Updated: Dec 19, 2019
When embarking on building a meditation practice, it’s important to consider a few steps leading into the practice. Meditation alone can be frustrating without some preparation. The following three activities, yoga, listening, and contemplating done before meditation can help you become more comfortable while gaining success in your meditation goals.
The history of Yoga teaches that the practice of yoga grew as a way of preparing the body for meditation. In modern society, it has become a staple fitness routine. Yoga is beneficial in many ways, but for the purposes of meditation, I will address the basic scientific concept.
When we breath deeply, as in yogic breath, we increase the oxygen levels in our body. As we stretch, bend, and put pressure on different parts of the body, we are allowing that oxygen rich blood to move into places and spaces that do not typically get as much circulation. Oxygen is a healer and this is why we feel better after even just a short yoga session. When our body is stiff, it can create uncomfortable sensations. By doing yoga and deep breathing prior to meditation, we can reduce these physical discomforts and distractions, making the practice of meditation a little easier, enjoyable, and successful.
Listening can be observed in many forms. Hearing is a function of the ears. However, through our senses, we can listen with other parts of our body. Eating a special treat or meal can be a way of listening through taste. Aromatherapy is a way to listen through smell. When hearing a spiritual leader preaching a sermon or verse, or perhaps conversations we have with people in our lives, we might experience visceral feelings. Listening, for the purpose of meditation, can also happen through reading inspirational text, or even body sensations such as in exercise or intimacy. Observing nature, as in bird watching, or sunset/sunrise can be considered a form of listening with your eyes. Once we take in this information, we can move on to the next step.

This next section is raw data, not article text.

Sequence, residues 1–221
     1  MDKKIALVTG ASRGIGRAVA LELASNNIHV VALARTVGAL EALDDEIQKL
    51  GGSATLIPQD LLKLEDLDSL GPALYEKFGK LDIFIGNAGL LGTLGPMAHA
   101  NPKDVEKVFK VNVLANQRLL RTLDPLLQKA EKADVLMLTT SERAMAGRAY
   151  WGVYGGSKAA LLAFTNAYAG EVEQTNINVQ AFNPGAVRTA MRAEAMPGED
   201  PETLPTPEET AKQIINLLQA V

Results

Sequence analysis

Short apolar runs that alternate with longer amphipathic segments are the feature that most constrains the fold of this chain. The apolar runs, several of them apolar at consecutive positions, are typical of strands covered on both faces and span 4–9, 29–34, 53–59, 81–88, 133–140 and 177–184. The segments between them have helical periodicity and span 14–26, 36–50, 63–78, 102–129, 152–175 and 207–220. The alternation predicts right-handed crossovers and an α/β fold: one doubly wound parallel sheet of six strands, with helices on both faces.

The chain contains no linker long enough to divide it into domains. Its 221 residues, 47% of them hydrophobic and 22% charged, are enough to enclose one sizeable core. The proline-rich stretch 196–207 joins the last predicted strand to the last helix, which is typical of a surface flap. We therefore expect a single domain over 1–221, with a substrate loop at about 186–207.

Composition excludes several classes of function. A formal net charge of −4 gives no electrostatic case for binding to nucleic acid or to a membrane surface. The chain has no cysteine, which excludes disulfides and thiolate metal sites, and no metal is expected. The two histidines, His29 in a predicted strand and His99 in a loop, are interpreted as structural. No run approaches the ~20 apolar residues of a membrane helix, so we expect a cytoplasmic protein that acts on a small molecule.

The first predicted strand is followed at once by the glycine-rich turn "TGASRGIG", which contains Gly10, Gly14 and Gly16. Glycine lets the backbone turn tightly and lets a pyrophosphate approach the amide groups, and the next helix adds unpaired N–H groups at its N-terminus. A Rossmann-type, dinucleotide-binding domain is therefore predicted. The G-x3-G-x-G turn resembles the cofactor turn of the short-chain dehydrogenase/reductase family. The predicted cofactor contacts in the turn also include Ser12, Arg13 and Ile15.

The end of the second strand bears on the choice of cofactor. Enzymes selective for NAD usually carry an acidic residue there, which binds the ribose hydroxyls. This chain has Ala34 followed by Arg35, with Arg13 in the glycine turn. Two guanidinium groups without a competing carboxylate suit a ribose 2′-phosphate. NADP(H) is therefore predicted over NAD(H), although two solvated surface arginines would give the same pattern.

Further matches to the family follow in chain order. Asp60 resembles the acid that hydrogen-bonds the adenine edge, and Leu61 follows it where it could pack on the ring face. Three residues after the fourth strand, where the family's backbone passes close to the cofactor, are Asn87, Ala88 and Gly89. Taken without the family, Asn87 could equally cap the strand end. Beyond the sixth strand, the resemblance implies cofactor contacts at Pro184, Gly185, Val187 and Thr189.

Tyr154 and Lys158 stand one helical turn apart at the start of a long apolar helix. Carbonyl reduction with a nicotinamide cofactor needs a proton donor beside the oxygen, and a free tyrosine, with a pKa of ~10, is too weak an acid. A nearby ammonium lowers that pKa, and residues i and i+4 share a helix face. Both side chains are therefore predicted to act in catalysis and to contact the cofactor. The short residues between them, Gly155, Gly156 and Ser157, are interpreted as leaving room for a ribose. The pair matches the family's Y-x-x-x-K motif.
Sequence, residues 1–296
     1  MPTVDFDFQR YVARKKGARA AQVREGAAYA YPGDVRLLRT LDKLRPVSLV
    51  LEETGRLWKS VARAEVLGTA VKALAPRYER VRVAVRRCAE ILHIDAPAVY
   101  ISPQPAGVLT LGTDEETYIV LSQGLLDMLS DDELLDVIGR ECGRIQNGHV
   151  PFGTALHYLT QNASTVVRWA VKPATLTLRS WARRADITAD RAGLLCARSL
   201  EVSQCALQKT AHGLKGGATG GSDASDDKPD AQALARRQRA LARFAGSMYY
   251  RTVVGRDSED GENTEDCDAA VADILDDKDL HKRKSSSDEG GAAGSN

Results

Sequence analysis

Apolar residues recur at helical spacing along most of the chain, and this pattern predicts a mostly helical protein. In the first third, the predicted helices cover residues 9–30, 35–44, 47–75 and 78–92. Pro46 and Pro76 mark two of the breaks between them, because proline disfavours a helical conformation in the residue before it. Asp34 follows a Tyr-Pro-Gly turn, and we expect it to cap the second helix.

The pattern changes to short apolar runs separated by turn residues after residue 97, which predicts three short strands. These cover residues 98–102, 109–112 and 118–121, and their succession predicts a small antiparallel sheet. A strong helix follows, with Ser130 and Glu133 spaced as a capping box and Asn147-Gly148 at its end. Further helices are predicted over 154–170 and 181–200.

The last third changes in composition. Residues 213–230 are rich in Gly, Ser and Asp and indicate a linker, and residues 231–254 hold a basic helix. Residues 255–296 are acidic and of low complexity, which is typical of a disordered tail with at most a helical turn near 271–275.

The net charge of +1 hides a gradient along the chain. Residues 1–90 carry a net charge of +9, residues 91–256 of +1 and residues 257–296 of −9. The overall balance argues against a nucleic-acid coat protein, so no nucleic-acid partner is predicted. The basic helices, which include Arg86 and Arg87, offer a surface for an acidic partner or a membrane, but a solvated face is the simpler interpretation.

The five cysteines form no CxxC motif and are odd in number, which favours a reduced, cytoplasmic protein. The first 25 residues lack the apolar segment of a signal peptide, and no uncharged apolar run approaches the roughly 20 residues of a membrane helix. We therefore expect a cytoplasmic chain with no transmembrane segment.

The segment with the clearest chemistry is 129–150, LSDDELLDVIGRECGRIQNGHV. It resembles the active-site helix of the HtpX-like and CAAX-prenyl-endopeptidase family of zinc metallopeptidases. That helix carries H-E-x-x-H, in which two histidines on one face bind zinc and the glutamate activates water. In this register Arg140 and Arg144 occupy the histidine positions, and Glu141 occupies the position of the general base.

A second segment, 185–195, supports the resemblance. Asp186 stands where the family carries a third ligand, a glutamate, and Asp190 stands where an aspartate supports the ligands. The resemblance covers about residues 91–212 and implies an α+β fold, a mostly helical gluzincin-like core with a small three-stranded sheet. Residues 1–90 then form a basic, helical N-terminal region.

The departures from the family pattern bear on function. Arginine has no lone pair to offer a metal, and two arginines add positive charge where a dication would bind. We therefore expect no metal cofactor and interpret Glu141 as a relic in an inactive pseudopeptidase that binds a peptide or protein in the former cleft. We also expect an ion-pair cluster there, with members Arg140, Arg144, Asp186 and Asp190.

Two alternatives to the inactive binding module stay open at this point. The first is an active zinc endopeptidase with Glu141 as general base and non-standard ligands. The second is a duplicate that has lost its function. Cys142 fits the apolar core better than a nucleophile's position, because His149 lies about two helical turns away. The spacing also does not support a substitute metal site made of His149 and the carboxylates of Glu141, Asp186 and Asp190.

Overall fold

Contemplation is a process of the thinking mind. It is defined in the dictionary as “to think deeply and carefully about (something)”. This is often what we do when we think we have reached the stage of meditation. Really, this step is just before actual meditation. It takes a lot of practice and patience to move beyond contemplation into actual meditation.
In this stage we examine what we have listened to. Whether it was a poem or parable, we then apply it to a current situation in life, or perhaps how it relates to a personal challenge we are working through. Contemplating helps to focus the mental state much like Yoga helps to settle the physical state.
Next time you meditate, try incorporating these three steps prior to your practice. Notice by adding these steps if they help you go deeper into your meditation. If you are new to meditation or want a refresher on building your practice, check out my free e-book